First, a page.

The son of a rodeo-riding dairy farmer, Randolph Adair was born in 1944 and grew up in Artesia. He acquired a taste for detective work during police-science classes in junior college. It was the only schoolwork that ever interested him. In 1965, during the Vietnam War, Adair was drafted and assigned to the U.S. Army Criminal Investigation Command in Panama. As soon as he returned, he enrolled in the LAPD Academy, graduating near the top of his class. As was normal in those days, he had to buy his own uniform.
Six months later, on June 5, 1968, the 23-year-old cop clocked onto a swing shift that started with a crackling voice on his police radio announcing a shooting at the Ambassador Hotel. Adair and his partner pointed their ’65 Plymouth toward the scene. The victim, shot three times at close range during a campaign rally, was Senator Robert Kennedy. “We got to the pantry, and you could see that Kennedy was down on the floor,” Adair told me as a prison guard stared at us from afar. “He’s lying face up, and I saw fluid, you know, from the head injury—brain matter looks kinda like snot, you know?”
Almost casually Adair remembered arresting the shooter, Sirhan Sirhan, who was still at the scene. “I thought he was, you know, just like crazed,” he recalled. “A little bitty guy. So we handcuffed him, and we took him out the back way.” After delivering the suspect to the station, Adair was in his police car again when he saw a station wagon speed through a stoplight on Alvarado. Adair threw on his red lights and gave chase.
“When we got close, it looked like a government car, and there’s two fan belt inspectors”—a derisive old cop term for FBI agents—“in the front,” he said. In back sat Kennedy’s wife, Ethel, and the astronaut John Glenn. They were lost, so Adair led the way to the Central Receiving Hospital on 6th Street. Inside, as Ethel Kennedy argued with a doctor, Adair walked to a small treatment room and pulled back the curtain. “There was Kennedy on the gurney,” he told me, “nobody around him; he wasn’t hooked up or anything. My opinion was he was graveyard dead.”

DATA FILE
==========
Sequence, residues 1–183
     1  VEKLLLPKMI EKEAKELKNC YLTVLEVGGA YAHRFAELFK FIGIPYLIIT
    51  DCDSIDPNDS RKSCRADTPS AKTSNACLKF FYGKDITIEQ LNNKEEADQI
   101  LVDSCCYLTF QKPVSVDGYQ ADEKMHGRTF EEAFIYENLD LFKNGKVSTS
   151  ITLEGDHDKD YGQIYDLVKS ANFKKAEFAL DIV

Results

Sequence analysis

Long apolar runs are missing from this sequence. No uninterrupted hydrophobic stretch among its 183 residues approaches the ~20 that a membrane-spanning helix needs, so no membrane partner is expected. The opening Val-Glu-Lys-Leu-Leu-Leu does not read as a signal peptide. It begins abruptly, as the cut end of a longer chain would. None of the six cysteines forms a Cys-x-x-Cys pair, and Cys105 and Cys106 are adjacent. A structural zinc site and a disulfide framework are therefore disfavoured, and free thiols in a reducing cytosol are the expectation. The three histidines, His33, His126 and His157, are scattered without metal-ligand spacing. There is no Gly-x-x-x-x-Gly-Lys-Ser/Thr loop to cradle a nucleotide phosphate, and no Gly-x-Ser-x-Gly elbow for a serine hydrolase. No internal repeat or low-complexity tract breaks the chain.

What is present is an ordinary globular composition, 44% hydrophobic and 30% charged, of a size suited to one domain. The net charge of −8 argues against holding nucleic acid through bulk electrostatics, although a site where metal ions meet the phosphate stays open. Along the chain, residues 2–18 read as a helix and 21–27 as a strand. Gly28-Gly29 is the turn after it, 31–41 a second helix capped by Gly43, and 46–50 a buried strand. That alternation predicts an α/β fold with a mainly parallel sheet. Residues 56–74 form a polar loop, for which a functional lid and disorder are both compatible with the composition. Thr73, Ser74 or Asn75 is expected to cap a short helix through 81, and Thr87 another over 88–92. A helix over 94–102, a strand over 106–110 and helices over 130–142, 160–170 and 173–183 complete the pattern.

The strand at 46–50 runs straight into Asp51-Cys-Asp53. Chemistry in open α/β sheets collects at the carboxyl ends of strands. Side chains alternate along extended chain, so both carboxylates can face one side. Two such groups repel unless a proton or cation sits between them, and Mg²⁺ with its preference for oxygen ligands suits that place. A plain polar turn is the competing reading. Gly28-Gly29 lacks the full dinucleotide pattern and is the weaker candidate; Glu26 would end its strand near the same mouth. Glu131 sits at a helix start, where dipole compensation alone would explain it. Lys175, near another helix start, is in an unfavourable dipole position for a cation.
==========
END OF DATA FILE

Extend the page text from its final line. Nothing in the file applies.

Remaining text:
Adair would remember 1968 for another big reason: It was the year he met his future wife, Susan Hackworth. Talking about their romance was the only time he smiled in the prison visitor’s room. A striking blond Italian who worked in data processing for Bank of America, she lived in the apartment next door to Adair and his academy buddies. One night she knocked on his door to borrow some ice trays for a party. “So we had to listen against the wall all night long while the music’s going on,” Adair said. “The girls are giggling and all that…. They didn’t bring our ice trays back.”
Adair went into action: He grilled steaks outside the apartments one night, waiting for her to walk past. Eventually he persuaded her to have dinner with him, and on September 7, 1968, they wedded in La Puente. Susan knew LAPD marriages usually didn’t last and that life as a cop’s wife was full of worry. “The only thing I won’t agree to is having you work vice,” she told him. “I think you can give me that much. Because vice is so horrible.”
Instead Adair was promoted to detective with LAPD’s Metropolitan Division, an elite mobile crime-fighting unit. One of its primary occupations: catching bank robbers. There were a lot back then. “At one time I was involved in seven bank robbery arrests,” Adair told me.